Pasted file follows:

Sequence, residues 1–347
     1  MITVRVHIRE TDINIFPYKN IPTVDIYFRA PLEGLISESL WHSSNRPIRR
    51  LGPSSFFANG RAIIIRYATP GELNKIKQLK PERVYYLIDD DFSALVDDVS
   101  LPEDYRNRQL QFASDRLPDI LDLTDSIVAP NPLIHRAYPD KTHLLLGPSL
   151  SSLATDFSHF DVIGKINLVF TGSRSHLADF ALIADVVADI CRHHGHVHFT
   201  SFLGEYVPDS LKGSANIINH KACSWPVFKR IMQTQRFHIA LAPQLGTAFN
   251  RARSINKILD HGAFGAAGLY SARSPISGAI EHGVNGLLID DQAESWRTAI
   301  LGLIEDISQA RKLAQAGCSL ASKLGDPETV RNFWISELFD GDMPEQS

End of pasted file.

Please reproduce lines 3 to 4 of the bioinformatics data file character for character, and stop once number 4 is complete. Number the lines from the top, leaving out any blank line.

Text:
    51  LGPSSFFANG RAIIIRYATP GELNKIKQLK PERVYYLIDD DFSALVDDVS
   101  LPEDYRNRQL QFASDRLPDI LDLTDSIVAP NPLIHRAYPD KTHLLLGPSL